The U.S. agency overseeing offshore drilling safety is also the government’s second-largest money maker, a dual role being probed in hearings on last month’s deadly oil-rig explosion in the Gulf of Mexico.
The Minerals Management Service generates about $13 billion a year for the U.S. Treasury by partnering with companies such as BP Plc and Exxon Mobil Corp. to develop oil and natural gas, trailing only the Internal Revenue Service in revenue.
At the same time, the agency and its 1,700 employees enforce safety rules, suggesting “inherent internal conflicts of interest,” Senator Robert Menendez, a New Jersey Democrat, said in an e-mail. Menendez and his colleagues on the Senate Energy and Natural Resources Committee held the first congressional hearing on the incident today.
Scrutiny of the Interior Department agency intensified following the explosion that killed 11 workers, sank a $365 million drilling rig operated by BP, and triggered an oil spill that threatens Gulf Coast states from Louisiana to Florida.
President Barack Obama’s administration today announced plans to split MMS into one unit to inspect rigs and enforce safety rules and a second to oversee drilling leases and royalty collections.
The division of duties will let “the American people know they have a strong and independent organization holding energy companies accountable,” Interior Secretary Ken Salazar said in a statement.
“That tends to be the trend internationally, to separate the resource-management agency from the safety and pollution- prevention agency,” Elmer Danenberger, who retired in January after 38 years in offshore regulation at the Interior Department, told the Senate committee today. Splitting the MMS “is something that is probably going to be looked at.”
House Majority Leader Steny Hoyer, a Maryland Democrat, told reporters today that he supports splitting MMS’s revenue and enforcement duties.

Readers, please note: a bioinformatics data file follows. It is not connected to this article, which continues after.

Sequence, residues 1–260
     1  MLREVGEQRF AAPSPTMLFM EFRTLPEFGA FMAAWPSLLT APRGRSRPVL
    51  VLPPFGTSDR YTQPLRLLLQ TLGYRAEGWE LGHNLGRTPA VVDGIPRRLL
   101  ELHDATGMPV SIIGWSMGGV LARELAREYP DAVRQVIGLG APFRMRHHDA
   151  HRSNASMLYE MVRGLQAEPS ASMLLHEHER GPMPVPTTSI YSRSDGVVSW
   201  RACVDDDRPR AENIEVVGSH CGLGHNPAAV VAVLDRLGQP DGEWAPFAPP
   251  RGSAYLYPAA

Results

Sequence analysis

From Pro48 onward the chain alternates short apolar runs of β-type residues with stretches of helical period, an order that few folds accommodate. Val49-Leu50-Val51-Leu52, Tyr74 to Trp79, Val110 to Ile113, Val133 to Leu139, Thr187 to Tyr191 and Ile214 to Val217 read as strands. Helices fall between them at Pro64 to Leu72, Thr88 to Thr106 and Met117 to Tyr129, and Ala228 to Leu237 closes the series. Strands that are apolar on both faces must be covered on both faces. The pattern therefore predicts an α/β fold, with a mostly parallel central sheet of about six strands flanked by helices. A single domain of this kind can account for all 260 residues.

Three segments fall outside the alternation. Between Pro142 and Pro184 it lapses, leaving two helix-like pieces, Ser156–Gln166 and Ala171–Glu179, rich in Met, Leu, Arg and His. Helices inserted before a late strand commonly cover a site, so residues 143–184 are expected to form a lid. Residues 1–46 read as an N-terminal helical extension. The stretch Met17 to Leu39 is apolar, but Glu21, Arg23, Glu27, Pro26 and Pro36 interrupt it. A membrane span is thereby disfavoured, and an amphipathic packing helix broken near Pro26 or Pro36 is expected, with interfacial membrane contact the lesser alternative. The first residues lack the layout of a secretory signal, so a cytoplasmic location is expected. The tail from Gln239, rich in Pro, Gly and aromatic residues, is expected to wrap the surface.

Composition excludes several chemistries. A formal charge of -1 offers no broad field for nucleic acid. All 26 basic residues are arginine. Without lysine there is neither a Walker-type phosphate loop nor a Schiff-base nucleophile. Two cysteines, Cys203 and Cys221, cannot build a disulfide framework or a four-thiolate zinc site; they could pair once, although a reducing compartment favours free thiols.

The MMS failed to mandate certain safety devices required on offshore rigs in other countries and allowed BP to drill in 5,000 feet of water without requiring a detailed environmental analysis, said Kevin Book, a Washington-based managing director for ClearView Energy Partners LLC, a policy research firm.
“The oil spill is the cost of having a relationship with industry like the one MMS has,” Book said. “MMS by charter is in the business of doing business with industry.”
Lamar McKay, chairman of BP America Inc., testified today along with Steven L. Newman, chief executive officer of rig owner Transocean Ltd., and Tim Probert, president of global business lines at Halliburton Co., which was in charge of cementing the well.
The companies pointed fingers at each other in their testimony.
“Transocean’s blowout preventer failed to operate,” McKay said. The Transocean and Halliburton executives said BP had the lead decision-making role in the project. The executives pledged to cooperate to find the cause.
At least five congressional panels plan hearings on the incident that began April 20. The Energy and Natural Resources hearing was to be followed by a Senate Environment and Public Works Committee session today.
Danenberger recommended an independent commission to review “all aspects” of offshore energy regulation. He defended MMS regulators as “100 percent committed to their safety and pollution prevention mission.”